In this day and age of specialization hunters and anglers have been led to believe that failing to maintain a laser beam focus on the pursuit of one favorite quarry is often what keeps the good among us from making that jump to truly excellent at our chosen sport. There is some truth in this, but it’s also fair to say that the days of the well-rounded outdoorsman seem to be fading.
You know the type. He’s the person who catches fish or bags game even when taken to unfamiliar waters or a patch of woods never seen before. Some may say those folks just have a knack for it, but a more likely explanation is they were wise enough to always keep their minds open to new possibilities.
Another reason these folks always have the best time is they don’t force it to happen. They just enjoy taking the opportunities Mother Nature presented them.
The wide variety of Georgia’s natural resources offers great opportunity for anyone to mix it up a little to keep things interesting. Let’s take a look at some places in Georgia where you can have some action mixing fins with your feathers or casts with your blasts.
SQUIRRELS & TROUT
Beginning in North Georgia, a frosty morning spent plinking squirrels out of the tops of hardwoods with a scoped .22 rifle, followed by an afternoon of fishing for trout with the weak winter sun warming your back is a great way to enjoy the mountains. This time of year, there will be little competition from other anglers, and squirrels are generally abundant and underutilized by hunters just about everywhere. Add in the vast amounts of public land found in North Georgia and finding somewhere to go shouldn’t be a problem.
Since the trout are the more difficult part of the equation to fill in, let’s talk about them first. Trout stocking season is long over, so creeks that may have been easy pickings during the spring and early summer probably are not the best choices now. Instead, focus your efforts on streams that have natural reproduction and aren’t dependent on the stocking truck. The fish may not be as large on average, but the quality of the experience should be better compared to standing shoulder-to-shoulder casting for newly stocked fish.
Two places that come to mind are the Jacks and Conasauga rivers, both blue-ribbon trout water by southeastern standards. Both streams flow through the hardwood mountains and valleys of the Cohutta Wilderness Area, so they are surrounded by public land.
If hiking in for wary native trout isn’t your first choice, another option is to consider is one of the more accessible delayed harvest streams. These waters receive periodic stockings throughout the winter, but all fishing is on a catch-and-release basis with artificial, single hook lures only. The Chattooga River in Rabun County has a delayed harvest section and is bordered by public lands with plenty of squirrel hunting opportunities.
For fooling winter trout, remember the water is cold and the fish are reacting accordingly. Even cold-water species like trout slow down as the thermometer drops.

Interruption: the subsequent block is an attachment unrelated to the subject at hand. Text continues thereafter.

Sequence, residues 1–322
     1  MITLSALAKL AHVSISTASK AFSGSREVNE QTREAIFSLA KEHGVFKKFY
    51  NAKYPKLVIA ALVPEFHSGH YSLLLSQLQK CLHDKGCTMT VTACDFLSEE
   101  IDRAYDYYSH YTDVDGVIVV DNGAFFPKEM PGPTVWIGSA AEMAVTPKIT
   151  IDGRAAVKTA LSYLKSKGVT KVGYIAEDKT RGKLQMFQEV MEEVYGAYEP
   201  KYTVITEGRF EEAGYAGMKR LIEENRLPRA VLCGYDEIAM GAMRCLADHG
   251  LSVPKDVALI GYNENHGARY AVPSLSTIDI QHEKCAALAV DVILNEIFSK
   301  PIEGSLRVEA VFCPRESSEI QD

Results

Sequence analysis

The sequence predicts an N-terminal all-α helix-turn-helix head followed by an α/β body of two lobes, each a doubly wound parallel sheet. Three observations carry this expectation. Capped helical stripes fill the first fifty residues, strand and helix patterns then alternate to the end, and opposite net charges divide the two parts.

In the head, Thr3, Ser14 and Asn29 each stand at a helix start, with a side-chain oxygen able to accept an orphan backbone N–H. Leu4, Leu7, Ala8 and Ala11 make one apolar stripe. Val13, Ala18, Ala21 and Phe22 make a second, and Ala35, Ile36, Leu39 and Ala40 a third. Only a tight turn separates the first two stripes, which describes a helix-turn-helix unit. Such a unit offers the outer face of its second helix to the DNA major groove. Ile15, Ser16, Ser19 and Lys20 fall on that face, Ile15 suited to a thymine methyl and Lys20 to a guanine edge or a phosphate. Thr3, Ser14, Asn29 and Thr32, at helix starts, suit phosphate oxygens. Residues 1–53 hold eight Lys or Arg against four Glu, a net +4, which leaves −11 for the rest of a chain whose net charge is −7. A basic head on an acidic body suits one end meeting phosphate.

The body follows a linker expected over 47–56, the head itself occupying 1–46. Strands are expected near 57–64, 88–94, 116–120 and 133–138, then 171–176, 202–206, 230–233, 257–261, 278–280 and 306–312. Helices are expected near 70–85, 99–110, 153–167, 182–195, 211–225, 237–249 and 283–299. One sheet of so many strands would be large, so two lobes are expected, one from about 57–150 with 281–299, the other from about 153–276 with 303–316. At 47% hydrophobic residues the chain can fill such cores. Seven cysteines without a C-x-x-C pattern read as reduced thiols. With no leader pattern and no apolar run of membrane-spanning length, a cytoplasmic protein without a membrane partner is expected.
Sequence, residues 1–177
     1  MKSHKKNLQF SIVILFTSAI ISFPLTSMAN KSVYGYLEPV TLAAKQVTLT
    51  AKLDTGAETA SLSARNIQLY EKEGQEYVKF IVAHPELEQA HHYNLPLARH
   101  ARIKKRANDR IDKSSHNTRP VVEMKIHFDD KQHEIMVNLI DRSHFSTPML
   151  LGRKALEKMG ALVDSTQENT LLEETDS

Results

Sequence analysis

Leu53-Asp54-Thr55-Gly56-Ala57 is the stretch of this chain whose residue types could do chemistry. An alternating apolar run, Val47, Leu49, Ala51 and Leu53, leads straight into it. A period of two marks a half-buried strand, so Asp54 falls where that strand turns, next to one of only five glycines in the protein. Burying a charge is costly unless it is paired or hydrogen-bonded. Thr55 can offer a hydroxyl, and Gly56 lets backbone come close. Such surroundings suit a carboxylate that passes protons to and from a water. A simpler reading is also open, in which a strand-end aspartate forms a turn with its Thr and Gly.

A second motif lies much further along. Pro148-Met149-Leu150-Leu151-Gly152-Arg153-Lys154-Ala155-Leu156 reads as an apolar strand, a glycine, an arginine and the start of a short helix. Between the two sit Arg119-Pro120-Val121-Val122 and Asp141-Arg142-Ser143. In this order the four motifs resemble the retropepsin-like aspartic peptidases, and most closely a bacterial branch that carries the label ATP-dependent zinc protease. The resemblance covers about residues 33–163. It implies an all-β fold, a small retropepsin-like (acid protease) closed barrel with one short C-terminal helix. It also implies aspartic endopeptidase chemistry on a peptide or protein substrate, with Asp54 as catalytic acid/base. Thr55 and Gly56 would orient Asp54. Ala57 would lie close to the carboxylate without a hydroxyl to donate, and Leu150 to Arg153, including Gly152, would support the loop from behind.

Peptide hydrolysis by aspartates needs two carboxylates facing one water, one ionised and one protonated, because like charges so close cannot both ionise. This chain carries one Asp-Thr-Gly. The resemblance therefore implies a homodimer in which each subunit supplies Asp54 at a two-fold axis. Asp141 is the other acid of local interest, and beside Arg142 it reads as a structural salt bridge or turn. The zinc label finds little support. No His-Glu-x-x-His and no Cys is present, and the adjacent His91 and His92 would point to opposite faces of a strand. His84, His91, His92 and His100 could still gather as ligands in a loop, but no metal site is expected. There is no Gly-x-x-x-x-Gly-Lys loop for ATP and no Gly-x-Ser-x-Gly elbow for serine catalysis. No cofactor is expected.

By afternoon the sun has a chance to warm the water up some and there should be more insect activity to put the trout in a feeding mood. Working the deeper holes with a weighted nymph is a good technique for winter fly-casting for trout. You can also tie a nymph on your spinning rig and add split shots to make it heavy enough to cast.
When it comes to squirrel hunting tactics, sneaking in before daylight to stake out a good nut tree is a tried and true producer of squirrel dumplings. But, that kind of hunting takes some prior knowledge of the area to know where the best locations are.
A better choice for these remote locations may be to stalk hunt through the woods looking and listening for activity and then silently slipping in close enough for a shot. Especially in the cooler months, squirrels may choose to sleep in a little later than usual waiting for the sun to begin to thaw the night’s chill. Mountainsides that face the morning sun are good places to find activity well into midmorning.
MARSH HENS & SEATROUT
For another unique fins and feathers opportunity head to the Georgia coast. Marsh hens are abundant throughout Georgia’s extensive coastal marsh system. While these birds are fairly easy targets as wingshooting goes, the trick is getting them to take to the air to present a shot. They much prefer to stay hidden in the thick marsh grass.
The key to a good hunt is to study a tide table and the weather forecast. The higher the tide is the better the hunting. Extreme high tides flood more water into the marsh making it more difficult for the marsh hens to hide. A 9-foot tide doesn’t come around too often, but if you can coordinate your trip to match up to such a big tide, then the odds are definitely in your favor.
Even if the tide chart won’t completely cooperate with your schedule, all is not lost. A stiff east wind pushes more water into the grass, mimicking a high tide and limiting the hiding places for the birds.
Most hunters do their shooting from a boat, but some marsh hen aficionados like to have their feet planted firmly on, albeit, squishy ground. When the water floods deep into the marsh, the few high points left above the water